For centuries, human behavior has been an area of study. Behavior is associated with personality, thought processes, reactions, attentiveness, etc. This is one trait that can never be seen in a resume, copied, or even manipulated. Coming closer to emotional intelligence are psychometric tests that are carried out by hundreds of employers to understand the behavioral patterns of candidates and employees.
Interviewers and hiring managers are now using these personality traits and turning them into interview questions based on emotional intelligence.
We will try and learn about what emotional intelligence is and how recruiters and hiring managers really assess candidates based on emotional intelligence.
Emotional intelligence (EQ) is the readiness to be in tune with your emotions and that of others. This trait can help you land a dream job. It is one of the most in-demand skills of 2020, according to a LinkedIn analysis. As employers get prepared to provide better healthcare and a positive corporate culture for their employees they are looking for fresh blood who can enhance their business and bring much-needed value to an existing team.
What Is Emotional Intelligence and Why Are Interviewers Asking About It?
Emotional intelligence is your behavior pattern that works behind the scene and below the surface. It is not on your mind but more inbuild into your subconscious being. It impacts how you and your colleagues interact on a daily basis and how effectively you complete your tasks and meet your goals.
I came across Patricia Thompson, creator of the “21-Day Crash Course in Emotional Intelligence,”. Her course has been completed by more than 18,000 students.
This course deals with
Your ability to understand yourself and your emotions, and based on that being able to regulate yourself appropriately.
Recognize and process your own emotions and keep them under control.
Understand if you are in tune with others to perceive, interpret, and empathize with their emotions.
EQ deeply impacts your relationships with managers, coworkers, and clients as well as your productivity and your ability to come up with and implement successful strategies. It provides you with an increased focus on preventing workplace burnout and can help create a healthier environment for you and others.
For these reasons, you can expect recruiters and hiring managers to be looking for individuals with high EQ. In an interview, questions about your EQ might come at you in the form of behavioral questions and other questions that prompt you to share how you process, manage and perceive emotions. It can even look like the simple “What weaknesses are you working to overcome?” question, for example, which can help the interviewer understand how self-aware you are, how you take feedback, and how you deal with frustration.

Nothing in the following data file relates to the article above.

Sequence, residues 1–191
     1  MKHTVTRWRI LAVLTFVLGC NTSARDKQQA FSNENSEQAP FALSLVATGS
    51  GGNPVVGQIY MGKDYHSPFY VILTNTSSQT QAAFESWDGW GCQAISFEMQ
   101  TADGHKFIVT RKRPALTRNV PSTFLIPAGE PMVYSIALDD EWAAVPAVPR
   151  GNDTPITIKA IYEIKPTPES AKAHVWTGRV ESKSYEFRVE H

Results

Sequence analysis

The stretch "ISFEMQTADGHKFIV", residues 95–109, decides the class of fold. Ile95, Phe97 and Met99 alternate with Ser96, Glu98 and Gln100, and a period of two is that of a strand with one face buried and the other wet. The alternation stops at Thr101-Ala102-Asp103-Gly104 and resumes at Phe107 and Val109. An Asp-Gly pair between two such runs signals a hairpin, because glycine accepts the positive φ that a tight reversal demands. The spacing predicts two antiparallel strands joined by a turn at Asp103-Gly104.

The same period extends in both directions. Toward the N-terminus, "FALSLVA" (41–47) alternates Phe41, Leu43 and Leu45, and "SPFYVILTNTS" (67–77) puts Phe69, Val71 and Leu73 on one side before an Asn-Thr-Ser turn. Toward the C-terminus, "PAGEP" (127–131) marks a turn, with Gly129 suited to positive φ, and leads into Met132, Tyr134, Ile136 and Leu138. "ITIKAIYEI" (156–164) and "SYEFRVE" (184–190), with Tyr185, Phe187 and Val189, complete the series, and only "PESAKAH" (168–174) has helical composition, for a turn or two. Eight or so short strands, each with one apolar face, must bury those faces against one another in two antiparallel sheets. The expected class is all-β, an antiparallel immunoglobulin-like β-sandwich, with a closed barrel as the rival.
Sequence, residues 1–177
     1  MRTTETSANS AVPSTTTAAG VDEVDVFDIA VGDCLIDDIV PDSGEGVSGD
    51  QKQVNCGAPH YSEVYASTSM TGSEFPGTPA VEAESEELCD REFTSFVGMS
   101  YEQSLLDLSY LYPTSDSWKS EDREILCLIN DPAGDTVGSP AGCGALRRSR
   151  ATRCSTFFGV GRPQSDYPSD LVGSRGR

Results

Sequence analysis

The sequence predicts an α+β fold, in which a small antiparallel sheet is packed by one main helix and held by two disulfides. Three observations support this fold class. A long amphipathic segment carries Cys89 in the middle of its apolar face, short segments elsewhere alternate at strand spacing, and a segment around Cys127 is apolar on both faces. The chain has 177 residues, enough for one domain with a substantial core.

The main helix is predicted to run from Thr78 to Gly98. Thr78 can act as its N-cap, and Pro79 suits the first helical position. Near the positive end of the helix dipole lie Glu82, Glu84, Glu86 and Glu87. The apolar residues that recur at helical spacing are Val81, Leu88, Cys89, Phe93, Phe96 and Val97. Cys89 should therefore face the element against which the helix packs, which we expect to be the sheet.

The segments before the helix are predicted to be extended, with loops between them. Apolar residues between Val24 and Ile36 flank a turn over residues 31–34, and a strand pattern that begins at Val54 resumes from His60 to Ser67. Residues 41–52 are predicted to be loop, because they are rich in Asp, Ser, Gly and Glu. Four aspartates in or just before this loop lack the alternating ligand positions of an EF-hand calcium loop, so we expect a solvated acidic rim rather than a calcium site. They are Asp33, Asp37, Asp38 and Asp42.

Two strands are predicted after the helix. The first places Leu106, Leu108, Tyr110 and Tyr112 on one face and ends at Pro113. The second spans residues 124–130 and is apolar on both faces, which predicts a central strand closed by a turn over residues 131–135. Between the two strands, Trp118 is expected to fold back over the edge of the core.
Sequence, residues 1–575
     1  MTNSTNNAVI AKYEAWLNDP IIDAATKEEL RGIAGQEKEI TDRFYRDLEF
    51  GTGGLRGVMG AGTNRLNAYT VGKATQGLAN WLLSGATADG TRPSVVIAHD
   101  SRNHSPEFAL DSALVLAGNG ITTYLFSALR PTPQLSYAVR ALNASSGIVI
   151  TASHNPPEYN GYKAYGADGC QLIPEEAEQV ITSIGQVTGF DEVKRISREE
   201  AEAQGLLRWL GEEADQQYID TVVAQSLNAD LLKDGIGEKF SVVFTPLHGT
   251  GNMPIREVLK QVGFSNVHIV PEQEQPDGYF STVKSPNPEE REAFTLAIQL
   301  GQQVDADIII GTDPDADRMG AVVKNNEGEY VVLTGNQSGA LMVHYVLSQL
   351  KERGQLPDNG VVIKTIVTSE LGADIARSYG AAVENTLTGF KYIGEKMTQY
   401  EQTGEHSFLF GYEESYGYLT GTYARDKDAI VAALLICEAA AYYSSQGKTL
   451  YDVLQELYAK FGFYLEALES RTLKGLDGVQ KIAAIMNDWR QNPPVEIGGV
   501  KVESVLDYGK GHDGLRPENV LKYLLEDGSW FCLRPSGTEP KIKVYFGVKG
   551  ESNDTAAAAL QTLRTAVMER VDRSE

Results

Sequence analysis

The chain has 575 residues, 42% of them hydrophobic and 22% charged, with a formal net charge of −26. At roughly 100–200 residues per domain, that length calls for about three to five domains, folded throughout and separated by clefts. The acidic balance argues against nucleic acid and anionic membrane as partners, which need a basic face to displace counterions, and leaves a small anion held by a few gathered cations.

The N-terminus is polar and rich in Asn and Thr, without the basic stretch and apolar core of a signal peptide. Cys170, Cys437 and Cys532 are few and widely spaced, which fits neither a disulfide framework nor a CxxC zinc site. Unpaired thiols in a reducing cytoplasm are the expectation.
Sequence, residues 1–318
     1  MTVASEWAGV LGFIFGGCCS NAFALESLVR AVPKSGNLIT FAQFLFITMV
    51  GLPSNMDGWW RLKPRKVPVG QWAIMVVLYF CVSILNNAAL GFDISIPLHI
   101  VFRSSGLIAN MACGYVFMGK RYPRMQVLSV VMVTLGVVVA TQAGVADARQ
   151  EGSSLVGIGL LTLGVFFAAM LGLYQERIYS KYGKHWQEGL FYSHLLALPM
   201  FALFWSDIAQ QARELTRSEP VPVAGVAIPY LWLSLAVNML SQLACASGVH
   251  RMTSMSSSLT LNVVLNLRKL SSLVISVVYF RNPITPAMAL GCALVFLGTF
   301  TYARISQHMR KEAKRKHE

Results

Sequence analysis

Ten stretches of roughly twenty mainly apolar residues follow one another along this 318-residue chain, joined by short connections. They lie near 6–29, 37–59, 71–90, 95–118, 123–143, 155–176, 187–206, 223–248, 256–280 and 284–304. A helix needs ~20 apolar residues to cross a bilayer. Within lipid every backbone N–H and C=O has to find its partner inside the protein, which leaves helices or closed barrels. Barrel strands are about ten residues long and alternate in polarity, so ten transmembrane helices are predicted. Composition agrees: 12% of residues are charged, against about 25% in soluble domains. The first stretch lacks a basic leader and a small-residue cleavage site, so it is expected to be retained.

A Few Quick Tips explaining Emotional Intelligence in an Interview
You can show off your emotional intelligence throughout your interview by:
Using EQ examples in most of your answers: You don’t have to be directly asked about emotional intelligence to show your reflective nature, concern for others, and the way you use these qualities to enhance a company’s atmosphere and success. So make sure you use EQ whenever you can—any time you’re telling a story about teamwork or collaboration, for example.
Asking questions: This shows initiative, drive, and confidence, and gives the impression that you’re aware of the kind of environment you can thrive in and contribute to and are interviewing them to ensure it’s a great fit.
Balancing confidence and humility: It’s a hard line to walk, but people with strong EQ know their worth and communicate it clearly without coming off as "over-smart". Try to give teammates and former managers credit wherever possible, a sign of high EQ.
Not being a perfectionist: Your future employers know you aren’t perfect, so instead go for real. By striving to interview like a human, not a robot, your future boss will see you as someone whose introspection, desire to further yourself, and attunement to others will not only help you thrive but also help your team and company succeed.
Bringing solutions-oriented examples: More than anything else, leaders love when employees show up with not just a problem, but a solution. Prove this is the type of employee you’ll be, based on your EQ abilities to read the room, understand social cues, and improve the team.
Avoid these mistakes that can convey a lower EQ
Bad-mouthing your previous employer: The last thing you want to do in an interview is to speak ill of previous (or current) managers and colleagues. It can give interviewers the sense of lack of maturity and insensitivity to others’ points of view. It also can put you in an awkward position if your future employee knows that past boss or colleague you are bad-mouthing.
Ignoring social hints: Pay attention to your interviewer’s body language that indicates, for example, that you’ve been talking too long on one topic. You don’t want your behavior in an interview to suggest that you may not be attuned to others’ emotions.
Being ignorant about weaknesses: People with high EQ know their weaknesses well, in addition to what they are doing to improve them.
You don’t have to be an expert in EQ to get a job, but you do need a sense of self-awareness and the ability to read others. You can demonstrate that you have a learner’s mindset—you don’t know everything and always want to learn more. And when in doubt, seek to be your most authentic and positive self to ensure a true match with the company.